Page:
12. The third area that I want to focus on today is the danger of a backlash against globalization in countries in many different positions. One of the paradoxes of recent global prosperity has been that while in many countries economic performance has been very good, people's satisfaction with that performance has not been so high. To some extent this may be attributable to the fact that the gains from economic growth, and more generally from changes associated with globalization, have been distributed quite unequally.

· In many advanced economies, GDP growth has proceeded at a rapid pace for the last several years, but median real incomes have not increased by nearly as much.

· In virtually all of the advanced economies, the share of income accruing to labor has declined over the last 25 years as a share of total national income.

· In many emerging economies, including in Asia, inequality has also increased. Over the last decade, inequality has increased in 13 out of 18 Asian countries for which data is available, including the Philippines.

· And in both emerging and developing economies, absolute poverty remains stubbornly high. The National Statistical Coordination Board estimated that 30 percent of people stilled lived in poverty in the Philippines in 2003.

13. These developments are leading people around the world to question the benefits of globalization. Some are tempted to yield to protectionist pressures and to give up on orthodox economic policies and structural reforms. I think it is important to resist both of these temptations. Trade has brought many more benefits than costs all around the world. And growth continues to hold out the greatest promise for lifting the poor out of poverty and providing better opportunities to the disadvantaged.

14. But we also need to make sure that the fruits of growth are widely shared and that the poorest people are protected from the costs of adjustment. Let me conclude by suggesting a few policies which can promote these good outcomes, some of which are already being put into practice here in the Philippines.

15. The first is an increase in investment in education and technology. Research from all around the world suggests that the main reason why inequality has increased in recent years is that the benefits of improved technology have accrued disproportionately to the richest countries and to the richest and best-educated people in all countries. The way to address this source of inequality is not to turn our backs on new technology but to widen access to it, and to education in technology. In the Philippines, building up telecommunications infrastructure and reducing the cost of international calls has stimulated growth in information and communications technology. As a result, employment in the sector-and access to its benefits-has increased massively over the last six years.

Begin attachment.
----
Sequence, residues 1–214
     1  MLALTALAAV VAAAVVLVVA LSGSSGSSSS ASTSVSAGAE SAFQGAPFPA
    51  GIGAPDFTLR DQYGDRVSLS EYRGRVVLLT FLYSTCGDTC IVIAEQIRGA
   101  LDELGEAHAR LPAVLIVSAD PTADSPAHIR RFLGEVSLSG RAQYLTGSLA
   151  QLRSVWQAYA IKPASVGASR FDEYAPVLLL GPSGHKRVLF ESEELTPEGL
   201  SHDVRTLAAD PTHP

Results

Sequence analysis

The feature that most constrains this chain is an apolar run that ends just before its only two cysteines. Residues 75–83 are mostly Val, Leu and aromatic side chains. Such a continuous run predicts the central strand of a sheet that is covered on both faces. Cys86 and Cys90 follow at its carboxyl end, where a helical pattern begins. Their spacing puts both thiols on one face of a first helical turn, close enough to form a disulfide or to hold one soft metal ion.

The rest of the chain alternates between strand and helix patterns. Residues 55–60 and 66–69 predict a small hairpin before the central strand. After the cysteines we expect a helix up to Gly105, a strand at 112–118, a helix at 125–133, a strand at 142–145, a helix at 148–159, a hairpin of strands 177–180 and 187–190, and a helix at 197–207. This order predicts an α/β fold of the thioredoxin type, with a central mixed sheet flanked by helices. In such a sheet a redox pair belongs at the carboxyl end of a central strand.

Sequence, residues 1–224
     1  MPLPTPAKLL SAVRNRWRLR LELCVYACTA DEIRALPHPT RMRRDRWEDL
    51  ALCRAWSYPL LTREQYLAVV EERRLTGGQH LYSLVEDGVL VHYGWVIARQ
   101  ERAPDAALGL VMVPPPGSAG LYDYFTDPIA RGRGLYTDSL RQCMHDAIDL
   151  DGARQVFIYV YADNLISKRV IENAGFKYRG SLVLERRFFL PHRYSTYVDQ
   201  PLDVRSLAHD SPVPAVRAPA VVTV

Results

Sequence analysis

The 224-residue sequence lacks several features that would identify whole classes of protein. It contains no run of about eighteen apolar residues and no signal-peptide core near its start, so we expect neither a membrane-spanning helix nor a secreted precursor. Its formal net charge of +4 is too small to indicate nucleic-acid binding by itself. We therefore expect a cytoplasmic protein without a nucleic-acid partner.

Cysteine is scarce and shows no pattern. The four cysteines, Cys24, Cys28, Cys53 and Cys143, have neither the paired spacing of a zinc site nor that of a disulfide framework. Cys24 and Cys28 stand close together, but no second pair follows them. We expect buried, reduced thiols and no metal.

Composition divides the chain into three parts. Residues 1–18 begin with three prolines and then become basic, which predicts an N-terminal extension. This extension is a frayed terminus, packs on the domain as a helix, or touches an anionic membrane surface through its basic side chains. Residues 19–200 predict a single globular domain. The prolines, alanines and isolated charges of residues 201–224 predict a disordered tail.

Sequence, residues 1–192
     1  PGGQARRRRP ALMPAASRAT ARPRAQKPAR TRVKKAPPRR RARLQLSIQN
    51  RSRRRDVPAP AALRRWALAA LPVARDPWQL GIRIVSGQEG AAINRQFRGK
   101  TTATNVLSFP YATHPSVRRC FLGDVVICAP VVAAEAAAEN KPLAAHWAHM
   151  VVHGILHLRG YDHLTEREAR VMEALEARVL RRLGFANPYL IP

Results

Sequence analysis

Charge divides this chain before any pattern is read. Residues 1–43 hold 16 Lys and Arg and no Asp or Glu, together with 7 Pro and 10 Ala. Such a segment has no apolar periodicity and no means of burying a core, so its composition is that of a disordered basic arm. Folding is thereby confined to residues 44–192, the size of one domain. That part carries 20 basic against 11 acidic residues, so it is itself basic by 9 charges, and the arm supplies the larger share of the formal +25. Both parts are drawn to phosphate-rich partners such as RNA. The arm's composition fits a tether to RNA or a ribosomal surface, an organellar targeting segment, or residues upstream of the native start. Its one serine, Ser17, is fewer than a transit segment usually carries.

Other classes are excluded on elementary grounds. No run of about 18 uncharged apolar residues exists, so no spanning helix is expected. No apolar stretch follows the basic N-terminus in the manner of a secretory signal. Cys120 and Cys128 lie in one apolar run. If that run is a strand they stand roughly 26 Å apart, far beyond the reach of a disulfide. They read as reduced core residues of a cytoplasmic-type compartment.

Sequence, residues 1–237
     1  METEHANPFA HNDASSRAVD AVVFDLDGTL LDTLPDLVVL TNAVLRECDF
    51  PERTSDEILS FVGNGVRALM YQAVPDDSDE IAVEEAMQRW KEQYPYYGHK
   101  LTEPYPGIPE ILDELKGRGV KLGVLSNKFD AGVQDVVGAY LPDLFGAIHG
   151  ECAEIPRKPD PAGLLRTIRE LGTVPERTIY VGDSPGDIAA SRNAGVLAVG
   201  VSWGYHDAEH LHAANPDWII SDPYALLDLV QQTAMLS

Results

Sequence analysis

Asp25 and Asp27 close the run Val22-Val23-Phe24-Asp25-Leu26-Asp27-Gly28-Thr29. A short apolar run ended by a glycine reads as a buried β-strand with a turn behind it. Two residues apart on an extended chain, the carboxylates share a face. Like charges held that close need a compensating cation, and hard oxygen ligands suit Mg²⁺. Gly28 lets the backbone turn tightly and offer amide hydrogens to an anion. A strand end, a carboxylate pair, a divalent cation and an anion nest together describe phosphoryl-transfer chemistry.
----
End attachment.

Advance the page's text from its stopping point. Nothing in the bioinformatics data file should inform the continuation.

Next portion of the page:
16. Development of other aspects of infrastructure can also be helpful. The lack of access of many poor people-especially in rural areas-to roads and electricity contributes to their isolation. I am pleased that President Arroyo emphasized development of physical infrastructure as well as human capital in her State of the Nation Address last week.

17. Financial sector development can help. Market failures and the absence of banking in rural areas adds to inequality. Addressing market failures and promoting microcredit would give the poor more opportunity to invest in themselves. Improving services to customers and financial education will also be important, as more people become consumers of financial products.

18. Finally, governments can take direct aim at inequality by replacing non-targeted tax exemptions and subsidies, for example for petroleum products and electricity, with targeted social assistance. Again, the Philippines provides an example. As you know, in November 2005, the Philippines government extended VAT to energy products previously exempted, and in January 2006 it raised the VAT rate on all taxable products, including energy, from 10 percent to 12 percent. Because most energy is consumed by wealthier people, and because the government used part of the proceeds from VAT reform to reduce excises on kerosene and to increase spending on infrastructure and social services, the effect on the poor was offset. The distributional effects could have been improved further if more of the compensation had been devoted to transfers targeted to poor villagers, such as those who benefit from the government's KALAHI program. But it remains a successful and impressive reform.

19. Let me conclude by returning to a point I made at the outset. The global economy is in a good condition. Governments can keep the global economy growing strongly by continuing good policies and by acting to contain key risks in energy and financial markets. They can also increase support for globalization and help their own poorest citizens by taking steps to address inequality. In several of these areas the Philippines is leading the way. The government and central bank have steadfastly pursued sound macroeconomic policies, and leaders in the Philippines are acting with imagination and innovation to improve the position of the Philippines' poorest citizens.

20. I am very pleased to have had the opportunity to talk to you today, and I now look forward to hearing your views and to answering your questions. Thank you very much.